Rotational grazing benefits cattle herd
Source: Daniel Mallory, 573-985-3911
MADISON, Mo. – Twenty-five years ago, Brian Pemberton bought acreage filled with thorn trees, scrub brush and multi-flora roses. The only water source was a frog pond. The land needed four things: a road, buildings, fences and water.
Thanks to hard work and cost-share programs, those goals were met. Grazing Acres Farm is now complete with a solid road, a central barn and 35 fenced rotational grazing paddocks with a water supply in each.
The 232-acre system was recently showcased during a pasture walk sponsored by University of Missouri Extension and the USDA Natural Resources Conservation Service as part of a two-day grazing school in Monroe County. MU Extension livestock specialist Daniel Mallory says the Pemberton operation shows how a rotational grazing system provides reliable sources of forage, water and shade for cattle.
Three generations of Pemberton’s, including Brian, father Richard and son Cade, run the grassland farm in the northwest corner of Monroe County. Up to four Black Angus herds rotate on the paddocks, depending upon the time of the year and weather conditions. They move in sequence from one paddock to the next every one to three days for the best use of forage and improved animal performance.
The Pemberton’s renovated toxic fescue pastures, both chemically and through tillage. Now they grow a mix of warm- and cool-season grasses, including big bluestem, eastern gama grass, rye, orchard grass, reed canary grass, red clover and bird’s-foot trefoil.
Despite the Pemberton’s best efforts, fescue keeps creeping back into pastures. “It’s a never-ending battle,” Richard says. Even with rotational grazing, cattle eat what they like first. This opens up small areas for the fescue to take hold.
They strive to graze stockpiled grasses until Thanksgiving in order to feed less stored hay in winter. Grass was so plentiful in 2018 that cattle grazed until Christmas, Brian says.
The mixture of grasses lets producers take advantage of different growth patterns to allow time for re-growth to extend grazing, says Mallory.
The Pemberton’s see several benefits of rotational grazing, such as pasture rest, time for re-growth and soil conservation. They perform biannual soil testing and add lime to their pastures as needed.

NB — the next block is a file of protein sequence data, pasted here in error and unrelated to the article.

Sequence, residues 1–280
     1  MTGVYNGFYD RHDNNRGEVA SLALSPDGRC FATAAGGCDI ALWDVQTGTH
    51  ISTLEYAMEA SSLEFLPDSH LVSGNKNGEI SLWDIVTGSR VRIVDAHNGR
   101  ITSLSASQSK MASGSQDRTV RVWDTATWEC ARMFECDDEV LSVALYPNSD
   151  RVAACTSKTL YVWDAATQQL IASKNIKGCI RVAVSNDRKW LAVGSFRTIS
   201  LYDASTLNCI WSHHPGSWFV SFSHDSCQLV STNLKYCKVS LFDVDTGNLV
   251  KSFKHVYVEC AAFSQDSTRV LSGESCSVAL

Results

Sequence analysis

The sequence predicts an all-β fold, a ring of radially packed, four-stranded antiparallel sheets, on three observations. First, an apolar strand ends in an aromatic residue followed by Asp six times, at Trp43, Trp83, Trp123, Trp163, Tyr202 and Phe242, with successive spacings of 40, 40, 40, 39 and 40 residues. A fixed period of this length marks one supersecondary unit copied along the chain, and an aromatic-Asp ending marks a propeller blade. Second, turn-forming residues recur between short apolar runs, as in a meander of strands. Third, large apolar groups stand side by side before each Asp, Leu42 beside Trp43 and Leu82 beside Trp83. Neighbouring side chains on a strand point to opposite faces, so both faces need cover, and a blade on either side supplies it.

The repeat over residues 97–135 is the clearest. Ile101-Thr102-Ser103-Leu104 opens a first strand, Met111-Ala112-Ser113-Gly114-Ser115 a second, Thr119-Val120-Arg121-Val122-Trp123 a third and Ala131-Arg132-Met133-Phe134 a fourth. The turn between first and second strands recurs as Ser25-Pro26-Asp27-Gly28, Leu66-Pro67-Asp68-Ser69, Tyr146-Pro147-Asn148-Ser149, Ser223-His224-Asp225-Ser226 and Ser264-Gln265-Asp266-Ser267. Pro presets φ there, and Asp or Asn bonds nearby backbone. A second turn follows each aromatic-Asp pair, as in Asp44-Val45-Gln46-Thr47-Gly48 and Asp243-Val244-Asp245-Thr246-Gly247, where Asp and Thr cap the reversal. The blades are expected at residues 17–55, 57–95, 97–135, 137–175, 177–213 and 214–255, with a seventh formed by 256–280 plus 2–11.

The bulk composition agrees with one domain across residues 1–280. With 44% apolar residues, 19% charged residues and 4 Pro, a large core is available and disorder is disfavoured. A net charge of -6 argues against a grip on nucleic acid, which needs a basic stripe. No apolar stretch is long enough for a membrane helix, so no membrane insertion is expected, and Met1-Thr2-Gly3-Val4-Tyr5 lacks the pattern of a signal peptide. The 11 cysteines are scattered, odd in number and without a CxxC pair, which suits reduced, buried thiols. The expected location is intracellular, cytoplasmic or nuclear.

To supplement summer slump, the Pemberton’s add annuals. Last fall, they planted 80 acres of annual rye to harvest as baleage this spring. “The best way to reduce effects of toxic fescue is dilution,” Mallory says. “A great way to add another forage during summer is summer annuals.” Cool, wet weather makes it difficult to dry hay, so the Pemberton’s put up 80% of their forage into baleage.
Another benefit of rotational grazing is that cattle become gentler with regular human contact during moves to fresh paddocks. A gentle herd first begins in the “wintering lot” where cattle are “bucket broke.” The Pemberton’s buy 450- to 600-pound black Angus heifers from private treaties. Each heifer is fed 2 pounds of feed daily from long troughs on either side of a concrete walkway. The daily contact makes them more comfortable with owners approaching them and rotating them to new pastures.
The heifers breed naturally with low-birth-weight Angus bulls bought from a local supplier. A local veterinarian performs pregnancy checks in spring and fall. Yearling heifers undergo reproductive tract scoring before breeding. The Pemberton’s run a fall- and spring-calving herd.
Today, four dams that include gravity flow and pressure systems supply the 14 tire tanks that provide water to every paddock. Used scraper tires make excellent waterers because the large oval openings allow multiple animals to drink at one time. The tires are economical and practically indestructible, says Brian. Tanks are placed so that cattle are within 600 feet of water at all times. Shade trees offer protection in every paddock.
The Pemberton’s credit cost sharing through NRCS’s Environmental Quality Incentive Program, the Monroe County Soil and Water Conservation District, and the 2002 Farm Bill’s Conservation Security Program for helping them achieve their goals. The three programs helped fund fencing, watering systems and structures on the farm.
The Farmers Home Administration’s Beginning Farmer Program had provided Brian with the initial funding for land.
Brian says their systems may not be for everyone, but it works well for them. They continually tweak their systems, adapting them to the needs of a three-generation team.
Learn more about grasslands management from the NRCS + MU Grasslands Project at extension2.missouri.edu/programs/nrcs-mu-grasslands-project.